Slab thermal homogenization during reheating in furnace is temperature and retention time dependent. Dissolution of microalloying element like niobium in austenite at soaking temperature is important to achieve desired strength and toughness in final rolled product. Under soaking and low set temperature may not dissolve microalloying elements and on other hand over soaking and higher temperature may lead to austenitic grain growth. In both cases, it affects, strength and toughness of the final product. The optimum temperature and retention time allows micro-allying elements to dissolve in austenite and controls austenite grain growth. These conditions are favorable to achieve both high strength and toughness in the rolled strip.Gleeble 3000 physical simulator was used to conduct trials with combination of various soaking temperatures and time. Prior austenitic grain size and dissolution of micro-alloying was evaluated. To validate experiment and check relevance of experiment with actual rolling during production, laboratory muffle furnace was used and same plant process conditions of soaking temperatures and time were used to simulate actual plant conditions. The results of validation trials were encouraging. Temperature of 1220°C and soaking for 15 and 30 Seconds in Gleeble experiments, had shown similar results, this was deciding factor for the optimizing retention time in reheating furnace. Based on laboratory trials results, plant trials were conducted with reduced furnace retention time of 160 minutes minimum against 170 minutes earlier. The test results of plant trials were satisfactory and meeting specification requirements. Special technique of micro etching was used to reveal prior austenitic grain size.With 10 minutes reduction in retention time for group of steel grade, around 6% more time will be available for rolling, contributing to increment in production and financial benefits.Keywords: Retention time, dissolution of micro-alloying elements, Austenite grain size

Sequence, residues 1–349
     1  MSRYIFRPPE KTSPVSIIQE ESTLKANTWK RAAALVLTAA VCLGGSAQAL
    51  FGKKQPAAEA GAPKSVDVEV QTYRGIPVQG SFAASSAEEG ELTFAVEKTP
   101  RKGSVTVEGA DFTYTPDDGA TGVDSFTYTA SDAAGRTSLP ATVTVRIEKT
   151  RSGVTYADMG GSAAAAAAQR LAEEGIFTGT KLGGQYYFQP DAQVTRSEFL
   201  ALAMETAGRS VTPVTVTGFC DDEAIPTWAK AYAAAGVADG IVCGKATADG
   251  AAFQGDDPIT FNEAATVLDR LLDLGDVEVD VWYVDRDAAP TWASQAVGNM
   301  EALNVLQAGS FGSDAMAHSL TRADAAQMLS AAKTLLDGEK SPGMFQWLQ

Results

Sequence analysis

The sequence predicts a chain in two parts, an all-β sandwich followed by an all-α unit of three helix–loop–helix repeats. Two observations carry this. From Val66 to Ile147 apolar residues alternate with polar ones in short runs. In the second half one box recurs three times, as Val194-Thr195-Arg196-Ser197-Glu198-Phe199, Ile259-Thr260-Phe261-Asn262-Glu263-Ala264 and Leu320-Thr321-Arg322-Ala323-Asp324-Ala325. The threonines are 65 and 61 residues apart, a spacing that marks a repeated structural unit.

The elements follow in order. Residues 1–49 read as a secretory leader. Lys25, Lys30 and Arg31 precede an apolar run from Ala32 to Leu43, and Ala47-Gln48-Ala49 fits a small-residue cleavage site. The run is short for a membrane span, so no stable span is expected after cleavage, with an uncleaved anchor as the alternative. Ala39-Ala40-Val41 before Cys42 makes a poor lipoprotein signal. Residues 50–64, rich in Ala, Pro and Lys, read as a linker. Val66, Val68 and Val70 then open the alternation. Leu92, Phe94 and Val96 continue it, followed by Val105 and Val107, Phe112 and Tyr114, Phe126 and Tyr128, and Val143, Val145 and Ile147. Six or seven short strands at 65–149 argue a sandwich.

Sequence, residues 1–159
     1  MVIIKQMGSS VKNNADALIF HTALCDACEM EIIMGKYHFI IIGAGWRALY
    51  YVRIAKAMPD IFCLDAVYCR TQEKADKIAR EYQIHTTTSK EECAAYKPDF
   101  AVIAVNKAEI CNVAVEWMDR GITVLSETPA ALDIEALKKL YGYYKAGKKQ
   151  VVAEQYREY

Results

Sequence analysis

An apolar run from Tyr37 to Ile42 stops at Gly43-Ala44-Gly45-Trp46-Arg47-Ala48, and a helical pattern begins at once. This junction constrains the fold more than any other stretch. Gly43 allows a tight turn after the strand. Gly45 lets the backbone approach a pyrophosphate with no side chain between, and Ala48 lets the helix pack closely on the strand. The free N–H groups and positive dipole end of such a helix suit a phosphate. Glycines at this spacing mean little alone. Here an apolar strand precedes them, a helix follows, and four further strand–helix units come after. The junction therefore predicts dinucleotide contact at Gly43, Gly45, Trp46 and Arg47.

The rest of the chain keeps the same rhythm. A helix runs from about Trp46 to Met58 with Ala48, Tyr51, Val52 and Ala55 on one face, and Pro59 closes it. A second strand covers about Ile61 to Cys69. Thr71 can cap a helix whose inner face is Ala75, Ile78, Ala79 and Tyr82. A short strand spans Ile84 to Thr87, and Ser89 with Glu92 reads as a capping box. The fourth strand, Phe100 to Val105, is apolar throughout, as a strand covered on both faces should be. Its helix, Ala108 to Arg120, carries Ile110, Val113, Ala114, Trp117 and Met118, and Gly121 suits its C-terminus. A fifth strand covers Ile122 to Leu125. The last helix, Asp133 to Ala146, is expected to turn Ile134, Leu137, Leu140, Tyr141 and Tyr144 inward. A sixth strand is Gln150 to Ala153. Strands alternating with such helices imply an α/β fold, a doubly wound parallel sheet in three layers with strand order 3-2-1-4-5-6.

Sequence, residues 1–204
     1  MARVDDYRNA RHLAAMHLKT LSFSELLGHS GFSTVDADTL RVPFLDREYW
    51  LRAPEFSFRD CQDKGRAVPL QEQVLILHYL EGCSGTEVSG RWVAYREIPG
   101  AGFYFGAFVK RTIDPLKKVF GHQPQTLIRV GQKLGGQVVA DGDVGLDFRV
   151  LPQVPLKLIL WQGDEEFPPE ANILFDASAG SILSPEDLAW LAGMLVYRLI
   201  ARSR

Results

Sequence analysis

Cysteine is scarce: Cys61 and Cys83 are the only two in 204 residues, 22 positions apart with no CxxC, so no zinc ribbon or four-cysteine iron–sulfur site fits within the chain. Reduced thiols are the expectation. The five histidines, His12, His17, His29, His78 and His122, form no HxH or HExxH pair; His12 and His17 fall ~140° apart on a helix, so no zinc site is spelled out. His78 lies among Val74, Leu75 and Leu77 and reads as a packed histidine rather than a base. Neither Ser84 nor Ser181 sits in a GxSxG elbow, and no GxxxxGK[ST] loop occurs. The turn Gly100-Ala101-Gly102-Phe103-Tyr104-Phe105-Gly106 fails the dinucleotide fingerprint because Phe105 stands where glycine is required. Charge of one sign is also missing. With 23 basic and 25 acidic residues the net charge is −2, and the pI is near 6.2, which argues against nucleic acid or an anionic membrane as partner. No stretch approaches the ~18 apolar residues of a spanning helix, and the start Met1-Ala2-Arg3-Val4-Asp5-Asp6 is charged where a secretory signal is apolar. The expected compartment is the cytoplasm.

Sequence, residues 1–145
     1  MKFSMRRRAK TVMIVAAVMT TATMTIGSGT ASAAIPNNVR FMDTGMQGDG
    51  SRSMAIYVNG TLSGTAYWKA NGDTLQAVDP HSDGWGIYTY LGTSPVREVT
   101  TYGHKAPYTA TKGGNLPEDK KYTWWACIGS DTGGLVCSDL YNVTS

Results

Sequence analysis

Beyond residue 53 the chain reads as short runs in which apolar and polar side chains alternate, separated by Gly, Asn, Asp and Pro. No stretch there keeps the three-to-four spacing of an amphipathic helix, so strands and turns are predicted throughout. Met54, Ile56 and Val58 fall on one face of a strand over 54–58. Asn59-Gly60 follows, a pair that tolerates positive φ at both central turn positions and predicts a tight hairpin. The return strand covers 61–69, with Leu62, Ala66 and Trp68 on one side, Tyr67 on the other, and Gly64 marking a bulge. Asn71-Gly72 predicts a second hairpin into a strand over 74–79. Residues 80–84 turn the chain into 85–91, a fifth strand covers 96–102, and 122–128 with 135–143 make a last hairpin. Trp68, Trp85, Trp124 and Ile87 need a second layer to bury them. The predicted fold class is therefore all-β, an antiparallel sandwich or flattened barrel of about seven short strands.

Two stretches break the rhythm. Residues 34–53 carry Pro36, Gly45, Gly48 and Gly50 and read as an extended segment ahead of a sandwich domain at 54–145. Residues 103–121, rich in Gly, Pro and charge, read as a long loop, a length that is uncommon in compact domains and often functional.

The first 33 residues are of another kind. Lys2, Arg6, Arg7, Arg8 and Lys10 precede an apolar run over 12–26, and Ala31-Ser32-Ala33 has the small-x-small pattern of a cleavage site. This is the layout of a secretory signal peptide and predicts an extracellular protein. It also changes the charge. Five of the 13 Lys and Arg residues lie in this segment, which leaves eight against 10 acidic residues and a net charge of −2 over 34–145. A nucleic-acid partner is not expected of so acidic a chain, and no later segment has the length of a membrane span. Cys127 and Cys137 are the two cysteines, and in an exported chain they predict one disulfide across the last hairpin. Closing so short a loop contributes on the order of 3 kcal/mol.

© This is an open access article distributed under the Creative Commons Attribution License which permits unrestricted use, distribution, and reproduction in any medium, provided the original work is properly cited.